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social sciences

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Roman Catholicism  
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However, even though a homosexual orientation is not in itself viewed as evil, it has since 1986, in a harsh modification of the Church's 1975 position, been regarded as an "objective disorder," a "tendency ordered toward an intrinsic moral evil." In a "Letter to the Bishops of the Catholic Church on the Pastoral Care of Homosexual Persons," issued on October 31, 1986, Cardinal Joseph Ratzinger, speaking as Prefect of the Congregation of the Doctrine of the Faith, declared that "Although the particular inclination of the homosexual person is not a sin, it is a more or less strong tendency ordered toward an intrinsic moral evil; thus the inclination itself must be seen as an objective disorder. Therefore special concern and pastoral attention should be directed to those who have this condition, lest they be led to believe that the living out of this orientation in homosexual activity is a morally acceptable option. It is not."

Thus, while a homosexual orientation is "an objective disorder," but not sinful it itself, homosexual acts are, in the Church's view, intrinsically evil. The commission of homosexual acts is regarded as gravely immoral, for they are freely chosen.

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According to the Catechism of the Catholic Church, "Basing itself on sacred Scripture, which presents homosexual acts as acts of grave depravity, tradition has always declared that homosexual acts are intrinsically disordered. They are contrary to the natural law. They close the sexual act to the gift of life. They do not proceed from a genuine affective and sexual complementarity. Under no circumstances can they be approved."

The Church's condemnation of homosexual acts is rooted both in the biblical passages censuring same-sex sexual activity, as interpreted by the Church Fathers, and in the belief that such acts are "unnatural." The latter belief derives from the Roman Catholic adherence to the dubious principle of Natural Law, as articulated by the medieval scholastic Thomas Aquinas. Aquinas condemned same-sex sexual activity as "unnatural," and it is on this basis that "crimes against nature" were ultimately proscribed in the legal codes of most Western nations.

In addition, homosexual acts are considered "contrary to the natural law," for they do not lead to procreation. For the same reason, artificial contraception is condemned. In the Roman Catholic view, the purpose of sexuality is procreation. Thus, the Church regards homosexual acts as inhuman and akin to bestiality, for, as Pope John Paul II recently announced, in a condemnation of same-sex marriage, "Sexual relations are human when and insofar as they express and promote the mutual assistance of the sexes in marriage and are open to the transmission of new life."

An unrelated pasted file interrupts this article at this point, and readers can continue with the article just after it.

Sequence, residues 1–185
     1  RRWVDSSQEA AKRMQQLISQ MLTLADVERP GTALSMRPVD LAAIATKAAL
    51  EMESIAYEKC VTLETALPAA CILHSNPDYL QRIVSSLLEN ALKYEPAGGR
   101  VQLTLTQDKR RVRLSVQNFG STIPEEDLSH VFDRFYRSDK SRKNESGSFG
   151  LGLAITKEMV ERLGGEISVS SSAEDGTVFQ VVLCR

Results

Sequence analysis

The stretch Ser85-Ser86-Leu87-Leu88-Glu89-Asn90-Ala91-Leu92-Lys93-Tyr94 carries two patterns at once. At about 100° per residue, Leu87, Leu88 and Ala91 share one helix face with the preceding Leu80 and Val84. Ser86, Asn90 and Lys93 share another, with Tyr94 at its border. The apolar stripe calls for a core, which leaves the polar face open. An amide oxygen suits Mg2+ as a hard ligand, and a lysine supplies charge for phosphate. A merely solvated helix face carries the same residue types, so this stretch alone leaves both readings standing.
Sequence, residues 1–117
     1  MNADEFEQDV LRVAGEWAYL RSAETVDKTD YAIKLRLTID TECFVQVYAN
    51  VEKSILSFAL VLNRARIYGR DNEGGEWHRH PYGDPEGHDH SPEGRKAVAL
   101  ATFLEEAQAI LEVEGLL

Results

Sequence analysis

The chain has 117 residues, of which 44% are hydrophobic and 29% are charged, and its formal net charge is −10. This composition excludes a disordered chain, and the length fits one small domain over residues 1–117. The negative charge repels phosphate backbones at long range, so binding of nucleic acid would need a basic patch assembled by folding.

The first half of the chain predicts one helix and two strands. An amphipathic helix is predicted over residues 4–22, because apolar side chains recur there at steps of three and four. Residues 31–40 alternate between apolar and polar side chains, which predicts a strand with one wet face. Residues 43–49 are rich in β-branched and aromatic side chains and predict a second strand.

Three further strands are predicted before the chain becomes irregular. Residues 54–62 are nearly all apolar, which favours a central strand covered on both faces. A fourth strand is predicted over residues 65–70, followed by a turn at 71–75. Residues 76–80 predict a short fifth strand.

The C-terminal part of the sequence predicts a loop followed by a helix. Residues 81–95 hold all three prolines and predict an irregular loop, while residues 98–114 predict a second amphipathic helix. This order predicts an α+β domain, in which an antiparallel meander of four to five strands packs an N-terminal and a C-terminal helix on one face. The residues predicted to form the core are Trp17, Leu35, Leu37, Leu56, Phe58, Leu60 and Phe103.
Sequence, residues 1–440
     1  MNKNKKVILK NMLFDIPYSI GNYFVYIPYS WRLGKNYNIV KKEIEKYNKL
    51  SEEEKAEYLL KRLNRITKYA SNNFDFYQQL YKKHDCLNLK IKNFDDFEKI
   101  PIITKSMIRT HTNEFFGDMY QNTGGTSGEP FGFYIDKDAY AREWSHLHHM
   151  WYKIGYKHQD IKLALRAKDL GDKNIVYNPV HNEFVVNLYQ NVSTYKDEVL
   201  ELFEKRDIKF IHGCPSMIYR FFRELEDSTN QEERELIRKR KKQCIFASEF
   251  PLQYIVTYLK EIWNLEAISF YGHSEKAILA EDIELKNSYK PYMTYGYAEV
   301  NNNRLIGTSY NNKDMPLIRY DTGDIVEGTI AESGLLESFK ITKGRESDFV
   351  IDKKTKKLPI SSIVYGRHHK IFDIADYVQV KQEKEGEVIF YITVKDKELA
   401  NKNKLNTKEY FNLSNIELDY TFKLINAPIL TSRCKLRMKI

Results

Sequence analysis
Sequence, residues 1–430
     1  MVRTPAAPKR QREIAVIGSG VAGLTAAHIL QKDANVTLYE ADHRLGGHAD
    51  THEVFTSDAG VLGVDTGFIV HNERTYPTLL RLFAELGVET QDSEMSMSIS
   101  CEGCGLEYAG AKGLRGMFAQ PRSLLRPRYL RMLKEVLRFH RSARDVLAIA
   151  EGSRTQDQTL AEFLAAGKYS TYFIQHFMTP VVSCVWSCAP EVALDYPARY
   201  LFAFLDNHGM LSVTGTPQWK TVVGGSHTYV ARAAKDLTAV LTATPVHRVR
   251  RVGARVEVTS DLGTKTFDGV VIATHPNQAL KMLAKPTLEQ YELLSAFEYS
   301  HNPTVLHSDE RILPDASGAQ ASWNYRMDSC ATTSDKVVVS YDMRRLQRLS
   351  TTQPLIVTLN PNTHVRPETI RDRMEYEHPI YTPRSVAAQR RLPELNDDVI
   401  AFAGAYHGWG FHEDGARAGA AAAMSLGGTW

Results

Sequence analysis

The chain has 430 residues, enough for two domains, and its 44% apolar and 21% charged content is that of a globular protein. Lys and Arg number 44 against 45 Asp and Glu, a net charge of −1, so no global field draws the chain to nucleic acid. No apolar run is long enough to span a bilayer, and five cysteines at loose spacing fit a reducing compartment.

The teaching of the Church is that homosexuals should lead chaste and celibate lives. As expressed in the Catechism of the Catholic Church, "Homosexual persons are called to chastity. By the virtues of self-mastery that teach them inner freedom, at times by the support of disinterested friendship, by prayer and sacramental grace, they can and should gradually and resolutely approach Christian perfection."

A Roman Catholic homosexual who confesses occasional homosexual acts is usually absolved with the admonition to go and sin no more and is allowed to receive communion. However, if he or she is involved in a permanent relationship with a person of the same sex, then a priest is supposed to deny him or her both absolution and the sacraments unless and until the relationship is terminated.

Is the Church Homophobic?

Although the hierarchy of the Roman Catholic Church ostensibly speaks with a single voice, and priests, bishops, archbishops, and cardinals--and theology professors in Church-supported institutions--are prohibited from expressing views contrary to the Church's official policies, those policies are given slightly different nuances depending on the speaker and the audience to whom the messages are addressed.

Hence, depending upon who is speaking and which documents are cited, the Church may be seen as virulently or as mildly accepting (though never approving) of homosexuality. In the official pronouncements of the Prefect of the Congregation for the Doctrine of the Faith, Cardinal Ratzinger, bristling as they do with references to "deviance," "immorality," "depravity," and "evil," the Church's intolerance is obvious. In the more soothing declarations of individual priests engaged in pastoral care for gay and lesbian congregants, the Church might seem to accept, if not embrace, sexual diversity.

Moreover, there are differences in the temperaments of the various branches of Catholicism. Although the teachings of the Church are uniform throughout its vast expanse, Italian Catholicism may seem more indulgent than, say, Irish Catholicism, which might emphasize punishment more than forgiveness. One diocese might be led by a bishop less concerned with homosexuality than a neighboring diocese; hence the issue might be at the fore in one jurisdiction but recede to the background in another. Jesuits may be seen as more intellectual and more prone to questioning Church traditions than members of other orders, while the Franciscans, for example, may appear more intent on pastoral care.

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